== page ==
Business optimism increased across the service sector in the three months to February, according to the latest quarterly CBI Service Sector Survey.

This was driven by a marked improvement in sentiment in both the business & professional and consumer services sectors, which rose at the fastest pace since August 2015 and February 2016 respectively.

Nevertheless, business volumes in both sub-sectors continued to fall. The drop in consumer services volumes quickened, while business & professional services volumes continued to fall, although at a slower pace. Looking to the quarter ahead, the outlook for volumes is mixed with consumer services volumes set to stabilise and business & professional services volumes expected to grow at a robust pace, with expectations for the latter the strongest since May 2018.

While growth in total costs per person eased slightly in the business & professional services sector, cost pressures picked up in-line with the long-run average in consumer services. Profitability continued to decline in both sub-sectors, although the pace of decline eased somewhat in business & professional services. Next quarter, cost growth is expected to accelerate in both sub-sectors in the three months to May with consumer services firms anticipating that profitability will decline at a similar pace. Meanwhile due to expectations of solid volumes growth, business & professional services expect profitability to grow.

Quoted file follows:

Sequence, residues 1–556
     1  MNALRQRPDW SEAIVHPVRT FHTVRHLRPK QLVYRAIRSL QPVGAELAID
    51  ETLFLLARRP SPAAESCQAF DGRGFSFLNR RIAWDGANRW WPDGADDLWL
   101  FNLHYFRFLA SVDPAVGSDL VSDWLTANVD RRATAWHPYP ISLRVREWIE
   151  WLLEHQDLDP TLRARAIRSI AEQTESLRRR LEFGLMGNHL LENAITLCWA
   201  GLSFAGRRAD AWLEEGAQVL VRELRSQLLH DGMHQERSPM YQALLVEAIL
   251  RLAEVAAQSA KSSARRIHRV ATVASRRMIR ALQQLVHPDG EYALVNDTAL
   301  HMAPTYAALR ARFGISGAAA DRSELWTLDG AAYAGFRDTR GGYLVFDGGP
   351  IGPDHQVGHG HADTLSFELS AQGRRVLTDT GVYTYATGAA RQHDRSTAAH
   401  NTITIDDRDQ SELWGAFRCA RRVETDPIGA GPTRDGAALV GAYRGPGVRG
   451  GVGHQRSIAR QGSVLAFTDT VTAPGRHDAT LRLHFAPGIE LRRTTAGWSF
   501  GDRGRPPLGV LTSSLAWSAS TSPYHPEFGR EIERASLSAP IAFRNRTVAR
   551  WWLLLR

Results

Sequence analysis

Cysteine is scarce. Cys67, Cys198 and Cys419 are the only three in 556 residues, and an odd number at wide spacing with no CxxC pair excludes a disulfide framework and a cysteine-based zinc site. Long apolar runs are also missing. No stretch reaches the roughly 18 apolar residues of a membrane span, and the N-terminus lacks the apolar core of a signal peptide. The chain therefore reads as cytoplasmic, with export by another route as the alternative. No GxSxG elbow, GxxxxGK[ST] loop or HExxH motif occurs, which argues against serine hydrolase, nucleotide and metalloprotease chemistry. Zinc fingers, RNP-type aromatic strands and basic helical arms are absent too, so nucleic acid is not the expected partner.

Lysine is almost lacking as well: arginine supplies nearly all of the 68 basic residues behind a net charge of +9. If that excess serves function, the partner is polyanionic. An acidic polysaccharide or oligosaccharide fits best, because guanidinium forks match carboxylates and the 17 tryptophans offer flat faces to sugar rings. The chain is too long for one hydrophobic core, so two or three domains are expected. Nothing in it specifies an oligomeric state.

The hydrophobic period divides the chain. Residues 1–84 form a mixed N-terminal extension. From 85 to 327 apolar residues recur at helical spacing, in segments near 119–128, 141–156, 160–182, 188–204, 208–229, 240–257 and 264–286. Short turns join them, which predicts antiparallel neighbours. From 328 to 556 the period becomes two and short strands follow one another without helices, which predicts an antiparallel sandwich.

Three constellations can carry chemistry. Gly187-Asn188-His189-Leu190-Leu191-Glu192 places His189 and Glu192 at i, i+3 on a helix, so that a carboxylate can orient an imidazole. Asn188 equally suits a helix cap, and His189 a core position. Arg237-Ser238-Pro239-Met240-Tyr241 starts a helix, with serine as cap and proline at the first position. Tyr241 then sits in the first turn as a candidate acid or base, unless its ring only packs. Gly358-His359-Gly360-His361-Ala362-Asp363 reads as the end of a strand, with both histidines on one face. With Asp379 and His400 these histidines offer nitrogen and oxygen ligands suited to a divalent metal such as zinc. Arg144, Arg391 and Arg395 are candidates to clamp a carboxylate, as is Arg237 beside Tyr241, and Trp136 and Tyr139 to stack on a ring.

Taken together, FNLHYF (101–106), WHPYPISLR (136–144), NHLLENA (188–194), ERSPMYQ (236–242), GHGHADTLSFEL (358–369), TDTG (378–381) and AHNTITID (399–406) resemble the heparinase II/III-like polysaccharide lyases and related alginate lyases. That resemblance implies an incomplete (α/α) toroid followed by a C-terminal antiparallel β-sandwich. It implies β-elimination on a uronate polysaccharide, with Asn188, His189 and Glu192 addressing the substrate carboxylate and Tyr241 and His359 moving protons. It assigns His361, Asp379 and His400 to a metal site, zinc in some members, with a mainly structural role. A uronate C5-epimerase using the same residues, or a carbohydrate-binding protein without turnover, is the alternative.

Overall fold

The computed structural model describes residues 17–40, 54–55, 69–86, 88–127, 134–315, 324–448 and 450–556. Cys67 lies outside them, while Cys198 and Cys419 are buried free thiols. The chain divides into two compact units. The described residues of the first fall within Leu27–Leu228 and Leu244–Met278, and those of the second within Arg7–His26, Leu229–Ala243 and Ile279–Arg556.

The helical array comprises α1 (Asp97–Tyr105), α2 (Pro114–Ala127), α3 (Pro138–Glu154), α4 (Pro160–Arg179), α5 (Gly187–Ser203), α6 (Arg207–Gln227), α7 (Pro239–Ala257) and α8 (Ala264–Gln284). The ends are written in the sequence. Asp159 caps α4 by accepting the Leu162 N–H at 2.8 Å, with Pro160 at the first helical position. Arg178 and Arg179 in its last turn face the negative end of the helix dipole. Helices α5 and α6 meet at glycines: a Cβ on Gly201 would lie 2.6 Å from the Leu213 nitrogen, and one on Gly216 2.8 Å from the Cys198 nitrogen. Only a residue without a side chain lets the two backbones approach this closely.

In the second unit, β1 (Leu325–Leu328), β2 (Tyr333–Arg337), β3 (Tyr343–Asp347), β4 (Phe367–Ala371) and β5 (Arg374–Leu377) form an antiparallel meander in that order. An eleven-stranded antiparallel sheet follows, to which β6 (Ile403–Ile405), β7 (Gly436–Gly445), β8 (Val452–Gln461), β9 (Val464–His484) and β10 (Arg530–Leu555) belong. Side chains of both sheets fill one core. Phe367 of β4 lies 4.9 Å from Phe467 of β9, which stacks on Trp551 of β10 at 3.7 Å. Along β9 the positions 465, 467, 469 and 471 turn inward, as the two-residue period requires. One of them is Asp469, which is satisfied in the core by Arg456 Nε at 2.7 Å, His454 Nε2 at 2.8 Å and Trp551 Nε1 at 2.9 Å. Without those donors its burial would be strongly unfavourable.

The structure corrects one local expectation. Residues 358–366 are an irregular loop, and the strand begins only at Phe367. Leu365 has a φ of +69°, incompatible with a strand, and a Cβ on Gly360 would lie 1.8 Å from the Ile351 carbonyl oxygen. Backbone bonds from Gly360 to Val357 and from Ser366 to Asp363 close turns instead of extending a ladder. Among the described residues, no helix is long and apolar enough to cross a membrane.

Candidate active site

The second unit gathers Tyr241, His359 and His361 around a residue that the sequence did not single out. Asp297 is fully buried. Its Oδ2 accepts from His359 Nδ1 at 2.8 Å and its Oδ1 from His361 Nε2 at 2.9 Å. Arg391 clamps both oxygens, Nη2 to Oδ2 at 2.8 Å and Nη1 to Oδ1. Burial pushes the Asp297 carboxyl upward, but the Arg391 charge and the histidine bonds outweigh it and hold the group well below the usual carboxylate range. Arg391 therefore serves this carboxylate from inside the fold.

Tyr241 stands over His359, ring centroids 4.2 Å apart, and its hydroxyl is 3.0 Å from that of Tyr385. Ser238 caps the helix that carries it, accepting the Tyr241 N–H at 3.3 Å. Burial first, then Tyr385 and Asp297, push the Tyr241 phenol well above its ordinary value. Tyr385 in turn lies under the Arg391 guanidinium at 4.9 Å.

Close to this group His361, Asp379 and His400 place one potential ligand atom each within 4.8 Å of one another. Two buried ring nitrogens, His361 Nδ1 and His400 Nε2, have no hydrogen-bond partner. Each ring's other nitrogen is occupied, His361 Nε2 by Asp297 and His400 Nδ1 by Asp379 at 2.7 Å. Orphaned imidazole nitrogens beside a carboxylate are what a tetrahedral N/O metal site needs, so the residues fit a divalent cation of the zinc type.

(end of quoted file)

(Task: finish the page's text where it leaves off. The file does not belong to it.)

There was a mixed picture for services employment, with the business & professional sub-sector returning to growth over the last quarter while consumer services headcount was unchanged. In the three months to May, headcount is expected to grow at a faster pace in business and professional services – the strongest expectations since August 2017 – while consumer services employment is expected to remain broadly unchanged.

Investment intentions improved across the service sector compared with the previous quarter. Business & professional services expect to increase investment on IT, vehicles and plant & machinery however spending on land and buildings is set to be cut back. Overall, business & professional services firms are optimistic about the prospects for business expansion in the coming year, with the balance the most positive since November 2017.

Prospects for investment in the consumer sector have also improved, although firms were negative about the outlook for business expansion over the next twelve months. Consumer services expect to increase spending on land and buildings and IT, but to cut back spending on vehicles and plant & machinery.

Ben Jones, Principal Economist, said:

“After a sustained period of falling volumes and sentiment, the service sector has a renewed sense of optimism with expectations for growth and investment improving. But it’s probably too soon to say whether we’ve turned a corner, particularly as businesses will be increasingly mindful of the risks to the global economy of coronavirus.

“Firms will also be looking ahead to forthcoming EU negotiations and to see what can be done to support and grow our world-class services sector. By focusing on ease of doing business and setting goals for ambitious market access, we can capitalise on renewed optimism and ensure expectations remain strong as we move forward.”

Overall, underlying momentum in the UK economy remains subdued at the start of 2020, but we continue to expect a mild improvement over the course of the year. Household spending is set to remain a key driver of GDP growth, as a low unemployment rate underpins solid growth in real wages.


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